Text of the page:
Some internet sources will tell you that OAT was invented by GM or some other US car manufacturer to increase its profits but I have no way of knowing whether (or how) this is true.
16/02/2017 14:06:55 UTC
pocketpete said :-
When I changed my Honda oil due to the lateness of my booked in first service. He have me Castrol (really expensive oil) The running in oil was a dark almost blue colour. The castrol had a distinct red colour to it.

When I had my main first service done where they changed the oil filter the oil had a more normal golden colour. I know they simply put bulk oil in but I have just got some more oil off them to do another change at the half way mark to my 8000mile service. This is shell oil and looks reddy brown. Thye are selling it so I presume it complies with the Honda rule book. The shell stuff seems quite thin compared to the castrol. I have about 1 litre left of the castrol.

Is it possible to mix them together? They are all 10w-30

16/02/2017 18:31:26 UTC
Ren - The Ed said :-
Hi Pocketpete. To the very best of my knowledge it is acceptable to mix oils and I have done so in the past without issue. However I'm not an oil expert! I will be interested to hear if it makes any difference to the clutch issues you have.

Just because they're selling it to you as per the point of this missive doesn't necessarily mean it is correct! If you consult your handbook it does state various specifications it must meet. Again my gut tells me you'll be fine but again I'm not the expert.

Ian - the OAT coolant I purchased for my car is pink. I haven't yet opened the Honda stuff but I hear tales of it being both green and blue. Currently the coolant in the 500 is blue. I would hope there would be nice simple colour protocols but of course Honda's thrown these out of the window.

I too have heard that terrible things may happen if you so much as even allow a single drop of the types to mix. Your engine will disintegrate, the water pump will melt, monsters will attack your firstborn and pestilence will befall you. I'm not convinced but then I have no desire to find out the hard way.

Of course it's a moneymakers scam. Eeeee when I wur a lad wur nay problem wiy a bit o water n some blue stuff wot stopped it freezin. An tha never changed eet. Tha just topped it up wunce in a while.
16/02/2017 19:32:04 UTC
Spacepig said :-
I know when the new Liebherr waste grab got commissioned at work one thing they specifically said to me was only use pink coolant never put anything else in it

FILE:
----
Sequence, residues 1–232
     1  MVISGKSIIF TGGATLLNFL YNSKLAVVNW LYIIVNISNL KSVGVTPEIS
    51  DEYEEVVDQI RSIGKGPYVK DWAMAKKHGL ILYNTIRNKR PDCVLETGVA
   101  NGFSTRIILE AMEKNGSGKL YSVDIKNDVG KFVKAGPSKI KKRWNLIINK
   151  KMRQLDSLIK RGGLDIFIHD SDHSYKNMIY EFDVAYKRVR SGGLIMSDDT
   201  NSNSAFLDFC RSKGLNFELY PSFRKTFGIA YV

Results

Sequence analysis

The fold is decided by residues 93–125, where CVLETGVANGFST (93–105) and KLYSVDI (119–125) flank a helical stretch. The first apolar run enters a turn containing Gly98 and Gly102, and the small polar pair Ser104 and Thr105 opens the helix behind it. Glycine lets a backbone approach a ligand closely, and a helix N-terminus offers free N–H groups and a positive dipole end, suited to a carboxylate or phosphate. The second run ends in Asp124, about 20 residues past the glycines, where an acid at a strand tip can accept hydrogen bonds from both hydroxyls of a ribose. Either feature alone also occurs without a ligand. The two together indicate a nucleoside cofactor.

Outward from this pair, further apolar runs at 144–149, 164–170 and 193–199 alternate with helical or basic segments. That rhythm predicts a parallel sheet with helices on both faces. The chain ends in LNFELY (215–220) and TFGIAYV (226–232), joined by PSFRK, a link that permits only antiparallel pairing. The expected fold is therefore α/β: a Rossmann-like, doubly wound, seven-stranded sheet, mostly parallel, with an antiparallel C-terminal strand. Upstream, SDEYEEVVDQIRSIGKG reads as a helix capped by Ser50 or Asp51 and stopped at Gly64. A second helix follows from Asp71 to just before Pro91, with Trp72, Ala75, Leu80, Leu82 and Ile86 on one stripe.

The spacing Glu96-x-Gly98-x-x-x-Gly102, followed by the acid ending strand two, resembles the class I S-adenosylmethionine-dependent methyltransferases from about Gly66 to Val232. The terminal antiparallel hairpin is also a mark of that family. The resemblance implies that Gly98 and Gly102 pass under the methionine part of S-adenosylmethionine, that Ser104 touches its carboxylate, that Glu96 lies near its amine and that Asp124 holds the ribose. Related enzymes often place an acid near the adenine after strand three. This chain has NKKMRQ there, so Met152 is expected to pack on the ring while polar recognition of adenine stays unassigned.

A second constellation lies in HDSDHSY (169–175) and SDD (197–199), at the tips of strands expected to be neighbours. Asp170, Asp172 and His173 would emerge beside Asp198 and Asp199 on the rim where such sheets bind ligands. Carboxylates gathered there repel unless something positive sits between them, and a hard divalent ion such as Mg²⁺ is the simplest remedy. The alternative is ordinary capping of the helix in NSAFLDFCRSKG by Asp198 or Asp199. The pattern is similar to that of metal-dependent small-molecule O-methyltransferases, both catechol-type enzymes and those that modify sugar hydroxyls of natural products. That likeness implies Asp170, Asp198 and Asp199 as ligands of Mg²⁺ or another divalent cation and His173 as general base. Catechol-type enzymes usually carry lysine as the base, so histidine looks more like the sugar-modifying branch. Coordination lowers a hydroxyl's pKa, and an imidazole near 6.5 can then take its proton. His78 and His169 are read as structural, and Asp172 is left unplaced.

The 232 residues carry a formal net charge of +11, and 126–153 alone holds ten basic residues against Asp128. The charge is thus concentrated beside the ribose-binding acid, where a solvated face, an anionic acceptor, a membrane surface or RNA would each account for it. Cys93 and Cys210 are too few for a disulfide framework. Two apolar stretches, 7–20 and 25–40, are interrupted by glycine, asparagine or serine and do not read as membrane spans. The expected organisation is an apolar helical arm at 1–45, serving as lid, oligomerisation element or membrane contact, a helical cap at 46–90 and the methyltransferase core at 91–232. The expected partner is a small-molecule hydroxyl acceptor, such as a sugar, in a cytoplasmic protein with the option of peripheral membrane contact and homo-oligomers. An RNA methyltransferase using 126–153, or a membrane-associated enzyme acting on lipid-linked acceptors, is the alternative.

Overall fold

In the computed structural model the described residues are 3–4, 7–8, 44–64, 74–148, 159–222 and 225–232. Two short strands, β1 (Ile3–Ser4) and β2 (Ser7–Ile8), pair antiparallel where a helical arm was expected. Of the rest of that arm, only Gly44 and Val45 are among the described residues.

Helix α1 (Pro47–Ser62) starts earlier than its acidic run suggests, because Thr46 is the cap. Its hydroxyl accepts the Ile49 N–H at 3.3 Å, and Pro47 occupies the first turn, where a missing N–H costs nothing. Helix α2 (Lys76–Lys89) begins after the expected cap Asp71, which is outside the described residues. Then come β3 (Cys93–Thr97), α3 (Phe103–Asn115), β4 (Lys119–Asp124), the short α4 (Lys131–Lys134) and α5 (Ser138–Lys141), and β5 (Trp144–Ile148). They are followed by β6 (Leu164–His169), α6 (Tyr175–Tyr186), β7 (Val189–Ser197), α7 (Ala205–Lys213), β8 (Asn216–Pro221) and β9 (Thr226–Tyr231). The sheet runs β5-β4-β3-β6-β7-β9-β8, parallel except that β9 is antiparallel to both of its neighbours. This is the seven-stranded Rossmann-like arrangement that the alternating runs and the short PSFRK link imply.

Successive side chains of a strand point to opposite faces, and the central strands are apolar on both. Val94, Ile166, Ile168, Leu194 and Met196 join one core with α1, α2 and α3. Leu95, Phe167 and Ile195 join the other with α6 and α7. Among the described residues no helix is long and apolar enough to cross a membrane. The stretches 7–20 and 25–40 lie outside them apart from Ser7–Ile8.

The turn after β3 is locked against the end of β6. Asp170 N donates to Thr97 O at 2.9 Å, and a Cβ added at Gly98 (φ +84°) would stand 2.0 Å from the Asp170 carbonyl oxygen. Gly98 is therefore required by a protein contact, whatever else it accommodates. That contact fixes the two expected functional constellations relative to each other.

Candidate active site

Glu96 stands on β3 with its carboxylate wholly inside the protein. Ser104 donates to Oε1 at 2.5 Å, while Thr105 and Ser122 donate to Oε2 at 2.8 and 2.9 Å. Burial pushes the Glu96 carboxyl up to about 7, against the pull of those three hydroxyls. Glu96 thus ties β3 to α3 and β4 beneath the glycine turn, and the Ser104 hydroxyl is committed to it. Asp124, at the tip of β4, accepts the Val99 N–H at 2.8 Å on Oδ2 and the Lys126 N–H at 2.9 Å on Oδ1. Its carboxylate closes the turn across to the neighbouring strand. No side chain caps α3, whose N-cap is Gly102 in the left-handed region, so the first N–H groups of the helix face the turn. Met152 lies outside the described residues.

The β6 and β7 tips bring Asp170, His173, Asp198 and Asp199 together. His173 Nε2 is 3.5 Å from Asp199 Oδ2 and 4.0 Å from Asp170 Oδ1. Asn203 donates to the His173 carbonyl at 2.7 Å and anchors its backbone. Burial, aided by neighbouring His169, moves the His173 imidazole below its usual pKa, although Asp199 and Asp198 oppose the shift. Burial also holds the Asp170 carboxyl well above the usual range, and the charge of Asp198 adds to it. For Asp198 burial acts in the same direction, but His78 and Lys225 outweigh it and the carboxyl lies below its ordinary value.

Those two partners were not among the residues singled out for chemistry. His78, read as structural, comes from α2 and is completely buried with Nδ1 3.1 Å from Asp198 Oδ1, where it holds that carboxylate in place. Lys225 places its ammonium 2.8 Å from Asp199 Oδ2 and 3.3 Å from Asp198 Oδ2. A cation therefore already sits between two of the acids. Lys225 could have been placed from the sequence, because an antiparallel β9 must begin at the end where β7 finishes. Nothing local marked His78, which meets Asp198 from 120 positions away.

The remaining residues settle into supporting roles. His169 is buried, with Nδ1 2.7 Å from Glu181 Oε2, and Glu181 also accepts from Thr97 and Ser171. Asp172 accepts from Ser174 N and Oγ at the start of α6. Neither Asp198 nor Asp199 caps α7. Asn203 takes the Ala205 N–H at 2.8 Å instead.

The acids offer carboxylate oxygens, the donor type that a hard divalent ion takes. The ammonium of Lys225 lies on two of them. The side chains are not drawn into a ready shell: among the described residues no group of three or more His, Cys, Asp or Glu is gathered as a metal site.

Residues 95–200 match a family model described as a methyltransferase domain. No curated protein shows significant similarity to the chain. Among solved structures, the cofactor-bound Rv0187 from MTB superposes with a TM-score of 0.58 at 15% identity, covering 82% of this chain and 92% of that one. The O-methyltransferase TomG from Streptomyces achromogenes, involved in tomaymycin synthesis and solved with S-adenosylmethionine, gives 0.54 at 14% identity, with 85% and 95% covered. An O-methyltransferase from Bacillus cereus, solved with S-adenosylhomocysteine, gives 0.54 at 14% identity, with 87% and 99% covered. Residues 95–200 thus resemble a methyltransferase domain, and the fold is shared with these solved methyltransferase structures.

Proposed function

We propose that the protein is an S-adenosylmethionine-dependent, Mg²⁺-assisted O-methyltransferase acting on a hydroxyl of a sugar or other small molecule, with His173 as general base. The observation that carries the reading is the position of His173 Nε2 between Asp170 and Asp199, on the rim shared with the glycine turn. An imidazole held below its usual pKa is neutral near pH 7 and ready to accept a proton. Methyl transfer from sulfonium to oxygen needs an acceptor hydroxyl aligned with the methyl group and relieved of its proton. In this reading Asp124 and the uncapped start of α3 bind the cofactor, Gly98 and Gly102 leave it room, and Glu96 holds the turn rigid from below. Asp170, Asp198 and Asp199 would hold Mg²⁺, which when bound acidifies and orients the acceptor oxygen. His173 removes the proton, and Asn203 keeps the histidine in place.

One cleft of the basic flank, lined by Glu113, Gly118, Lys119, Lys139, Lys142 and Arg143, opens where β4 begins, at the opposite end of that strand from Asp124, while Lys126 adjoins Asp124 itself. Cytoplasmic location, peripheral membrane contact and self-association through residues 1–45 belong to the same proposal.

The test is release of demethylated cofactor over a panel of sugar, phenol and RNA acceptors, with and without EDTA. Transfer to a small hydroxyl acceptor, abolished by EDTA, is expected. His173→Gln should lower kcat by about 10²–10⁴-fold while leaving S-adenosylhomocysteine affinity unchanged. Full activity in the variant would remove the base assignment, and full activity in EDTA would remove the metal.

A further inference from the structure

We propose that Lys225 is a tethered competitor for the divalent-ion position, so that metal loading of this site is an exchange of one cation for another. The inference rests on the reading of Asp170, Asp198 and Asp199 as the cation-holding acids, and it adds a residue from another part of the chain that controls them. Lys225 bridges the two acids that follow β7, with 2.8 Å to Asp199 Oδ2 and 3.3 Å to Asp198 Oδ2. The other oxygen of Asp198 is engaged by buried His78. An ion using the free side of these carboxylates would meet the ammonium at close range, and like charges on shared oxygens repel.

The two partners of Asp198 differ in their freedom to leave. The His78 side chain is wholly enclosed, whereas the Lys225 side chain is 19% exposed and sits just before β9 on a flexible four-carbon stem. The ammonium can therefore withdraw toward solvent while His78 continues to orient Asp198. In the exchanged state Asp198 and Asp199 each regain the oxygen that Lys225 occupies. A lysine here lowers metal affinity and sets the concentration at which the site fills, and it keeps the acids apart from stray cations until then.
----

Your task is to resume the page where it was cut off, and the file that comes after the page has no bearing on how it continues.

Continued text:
20/02/2017 08:44:30 UTC
Phil B said :-
Exact same issue today.
Coolant on low mark, phone dealer as will be passing later. "Got any HP coolant in"?
"No, we don't sell it, we use Motul"
01/05/2018 19:32:40 UTC
Ren - The Ed said :-
Cheers Phil. It's a fair old thing to note that Honda dealerships DON'T sell genuine Honda products. Then they have the audacity to suggest that warranties could be voided if third party mechanics do not use genuine Honda products.
02/05/2018 10:36:22 UTC
Borsuk said :-
Seeing this thread reminds me to check the coolant in my Suzuki Alto. Its been serviced twice by a dealer and in between by myself in it's 7 year of life and I have no idea if the coolant has ever been changed or not. I know it has never been topped up as the level had never changed in that time. No idea what type it is either, it is a virulent green but colour means nothing as I have seen pink OAT coolant and pink glycol coolant made by the same manufacturer.
Before I ever heard of OAT coolant the different manufacturers made them any colour they could think off or was the cheapest dye colour that month.

Think I will take a couple of samples from the radiator when I get home next month and mix it with both Glycol and Oat coolants and see what happens.
02/05/2018 23:47:58 UTC
Ren - The Ed said :-
From what I am lead to understand - this is not gospel - it's to do with the aluminium engines and something about the pumps.

Ally engines corrode so there is some sort of anti corrosion additive. This additive turns out can be abrasive and wear out water pumps. So we end up with different coolants for iron and ally engines then different coolant for certain water pumps.

I think somebody somewhere engineered in problems so they could engineer in expensive solutions(sic). I remember when I were a lad we used to put water in. If you were the really careful knowledgeable type you might mix in a bit of cheap anti-freeze too.

Then when the water pump failed you'd replace it.
03/05/2018 15:04:08 UTC
Rod said :-
Thing were much more simple in the good old days. Air cooled engines, or in the case of some thirsty 2 strokes, petrol cooled lol.
03/05/2018 16:06:59 UTC
Ren - The Ed said :-
Yeah Rod, and everything was black and white. Damn those people who invented colour!
03/05/2018 19:58:27 UTC